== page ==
Once upon a time in a southern land not too far from here -- beside a lane near an old school house and cemetery -- stood what some city dwellers might call a cabin.
The posts on the wide front porch -- where lots of "visiting" took place -- were cut from local timber and still boasted the original bark and small bits of limbs left behind that held bridles, ropes, and other useful things. There was probably an old hand-carved Wooden Indian there as well.
I can't remember how many rooms were there, only that the "front room" led straight into the kitchen which also doubled as a dining area for the folks who called it home -- and for the many visitors who found it to be a place of refuge, laughter, and good-natured Ozark hospitality.
The place was in a valley - sometimes called a "holler" -- and the winter winds weren't too bad down there under the hill. The summers, as I recall, were hot and sticky and as humid as a rain forest. Air conditioners were not in use by many back then, so you either dealt with it, or you left.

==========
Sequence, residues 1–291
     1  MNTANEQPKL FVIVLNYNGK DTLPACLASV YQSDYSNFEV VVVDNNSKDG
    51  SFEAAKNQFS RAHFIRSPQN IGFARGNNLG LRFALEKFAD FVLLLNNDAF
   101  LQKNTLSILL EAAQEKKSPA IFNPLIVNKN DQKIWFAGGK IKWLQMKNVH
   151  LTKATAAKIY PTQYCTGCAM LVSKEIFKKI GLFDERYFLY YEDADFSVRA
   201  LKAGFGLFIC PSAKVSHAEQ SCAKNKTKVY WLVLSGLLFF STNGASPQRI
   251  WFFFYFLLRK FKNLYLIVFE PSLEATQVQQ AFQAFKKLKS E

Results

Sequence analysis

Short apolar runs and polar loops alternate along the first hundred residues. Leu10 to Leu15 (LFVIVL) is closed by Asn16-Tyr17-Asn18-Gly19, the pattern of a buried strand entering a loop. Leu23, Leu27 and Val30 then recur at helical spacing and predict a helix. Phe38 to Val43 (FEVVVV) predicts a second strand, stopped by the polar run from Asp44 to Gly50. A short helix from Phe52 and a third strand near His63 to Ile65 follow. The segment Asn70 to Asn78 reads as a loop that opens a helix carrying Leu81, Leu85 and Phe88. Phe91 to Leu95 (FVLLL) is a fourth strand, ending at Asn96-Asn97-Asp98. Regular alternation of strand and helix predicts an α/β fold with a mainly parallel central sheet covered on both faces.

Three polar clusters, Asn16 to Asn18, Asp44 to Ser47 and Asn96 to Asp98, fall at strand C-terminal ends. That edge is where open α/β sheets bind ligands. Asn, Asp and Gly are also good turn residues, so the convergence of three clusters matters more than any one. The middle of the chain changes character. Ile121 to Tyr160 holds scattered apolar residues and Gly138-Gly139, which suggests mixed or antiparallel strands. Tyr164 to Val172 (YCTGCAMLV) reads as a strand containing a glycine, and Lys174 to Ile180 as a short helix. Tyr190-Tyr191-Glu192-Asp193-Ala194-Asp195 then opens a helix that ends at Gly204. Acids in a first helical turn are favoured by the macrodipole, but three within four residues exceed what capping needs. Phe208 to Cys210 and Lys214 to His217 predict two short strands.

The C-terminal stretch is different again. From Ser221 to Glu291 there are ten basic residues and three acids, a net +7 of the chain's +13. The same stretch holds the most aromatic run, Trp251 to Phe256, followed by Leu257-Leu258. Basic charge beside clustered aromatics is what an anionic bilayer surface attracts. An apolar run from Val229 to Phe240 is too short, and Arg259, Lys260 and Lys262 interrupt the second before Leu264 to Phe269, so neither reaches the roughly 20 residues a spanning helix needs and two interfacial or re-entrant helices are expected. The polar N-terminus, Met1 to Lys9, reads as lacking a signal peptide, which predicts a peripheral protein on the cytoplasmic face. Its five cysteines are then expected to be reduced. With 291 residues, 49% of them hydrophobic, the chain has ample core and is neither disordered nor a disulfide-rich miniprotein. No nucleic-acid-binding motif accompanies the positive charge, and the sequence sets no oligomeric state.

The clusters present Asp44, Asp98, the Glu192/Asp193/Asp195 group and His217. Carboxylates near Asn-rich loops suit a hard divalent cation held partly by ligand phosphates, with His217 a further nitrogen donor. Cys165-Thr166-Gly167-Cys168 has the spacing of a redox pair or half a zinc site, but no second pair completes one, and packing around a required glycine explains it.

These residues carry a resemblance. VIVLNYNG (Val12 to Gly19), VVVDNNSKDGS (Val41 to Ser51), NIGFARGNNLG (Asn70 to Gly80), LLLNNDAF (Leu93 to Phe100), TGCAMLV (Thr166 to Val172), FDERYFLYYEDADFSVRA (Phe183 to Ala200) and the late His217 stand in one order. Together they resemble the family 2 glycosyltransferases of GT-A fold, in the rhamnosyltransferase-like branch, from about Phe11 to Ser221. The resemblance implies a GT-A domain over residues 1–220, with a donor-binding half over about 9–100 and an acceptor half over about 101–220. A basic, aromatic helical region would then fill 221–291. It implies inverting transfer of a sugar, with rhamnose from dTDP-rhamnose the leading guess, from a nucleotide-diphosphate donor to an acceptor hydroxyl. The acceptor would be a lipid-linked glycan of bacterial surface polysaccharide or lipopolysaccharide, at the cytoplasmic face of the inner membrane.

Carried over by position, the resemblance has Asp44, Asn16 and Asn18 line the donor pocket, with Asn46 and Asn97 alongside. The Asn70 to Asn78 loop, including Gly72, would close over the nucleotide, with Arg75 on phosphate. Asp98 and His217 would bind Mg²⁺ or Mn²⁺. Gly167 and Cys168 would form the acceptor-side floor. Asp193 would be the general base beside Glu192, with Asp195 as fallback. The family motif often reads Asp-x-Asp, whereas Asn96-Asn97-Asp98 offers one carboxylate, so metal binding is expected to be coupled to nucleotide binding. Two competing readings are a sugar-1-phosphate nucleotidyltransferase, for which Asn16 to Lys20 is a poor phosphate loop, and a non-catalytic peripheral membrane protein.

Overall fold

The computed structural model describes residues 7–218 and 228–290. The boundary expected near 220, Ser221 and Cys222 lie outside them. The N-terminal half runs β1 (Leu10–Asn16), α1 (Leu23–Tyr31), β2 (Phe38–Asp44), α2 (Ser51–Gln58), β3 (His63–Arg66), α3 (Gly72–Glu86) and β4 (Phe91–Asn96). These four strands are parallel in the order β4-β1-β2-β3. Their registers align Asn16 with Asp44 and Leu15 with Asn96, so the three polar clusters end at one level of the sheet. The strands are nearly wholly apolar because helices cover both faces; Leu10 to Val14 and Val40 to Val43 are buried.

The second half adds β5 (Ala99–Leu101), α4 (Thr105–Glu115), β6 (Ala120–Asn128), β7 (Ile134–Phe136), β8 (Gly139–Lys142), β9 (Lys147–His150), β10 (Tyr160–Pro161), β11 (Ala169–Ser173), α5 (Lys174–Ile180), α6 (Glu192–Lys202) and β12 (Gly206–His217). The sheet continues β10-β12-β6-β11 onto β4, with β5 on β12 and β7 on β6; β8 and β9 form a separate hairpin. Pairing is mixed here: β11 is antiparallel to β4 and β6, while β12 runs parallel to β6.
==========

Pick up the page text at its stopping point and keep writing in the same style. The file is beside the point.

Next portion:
A little bit south of the "old house" stood an old weathered one-room building the locals called the Case School House. My dad's father once lived further up the lane to the north, and he went to school there for awhile when he was but a barefoot country boy. When I was a kid visiting the area, most Sundays you could find a group of worshippers, folks from the East Richwoods Missionary Baptist Church, gathered there. The cemetery a little further south and across the road carried the Case name as well, and many of my relatives were laid to rest there.
I remember times when the land around the old house looked like a menagerie, hosting everything from horses to donkeys and goats to chickens. Coon dogs and squirrel dogs could be found -- and sometimes purchased - there as well.
There's a newer home on the hill above the old house now, and one further up the lane if memory serves me right. And I believe descendants of the original owners have settled there and are busy raising quality cattle and garden products. If you look for the place, you'll know it by its name -- Star Gap.
When my mind takes me back to the Tomahawk, back to where my ancestors worked small homesteads and wished for more bottom land, my route takes me past the old lane where the cabin stood; past the lane leading up to Star Gap; past the restored one-room school house and the nearby cemetery; and through the rich and wonderful memories made so many years ago alongside that long, sweeping curve on what used to be the clay and gravel road that that led to Hanover and Luber.
It's a fabulous trip.